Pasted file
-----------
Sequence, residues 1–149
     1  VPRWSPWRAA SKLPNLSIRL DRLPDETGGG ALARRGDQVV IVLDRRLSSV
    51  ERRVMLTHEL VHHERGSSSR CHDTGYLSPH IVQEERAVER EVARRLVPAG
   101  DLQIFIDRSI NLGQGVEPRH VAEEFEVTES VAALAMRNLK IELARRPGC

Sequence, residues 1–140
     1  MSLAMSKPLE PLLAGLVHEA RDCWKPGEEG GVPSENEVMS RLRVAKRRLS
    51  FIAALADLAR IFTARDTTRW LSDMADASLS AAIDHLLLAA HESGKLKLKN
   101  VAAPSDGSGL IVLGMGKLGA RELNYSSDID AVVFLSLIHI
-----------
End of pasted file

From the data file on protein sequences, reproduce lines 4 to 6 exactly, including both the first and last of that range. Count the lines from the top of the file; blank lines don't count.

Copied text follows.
   101  DLQIFIDRSI NLGQGVEPRH VAEEFEVTES VAALAMRNLK IELARRPGC

Sequence, residues 1–140
     1  MSLAMSKPLE PLLAGLVHEA RDCWKPGEEG GVPSENEVMS RLRVAKRRLS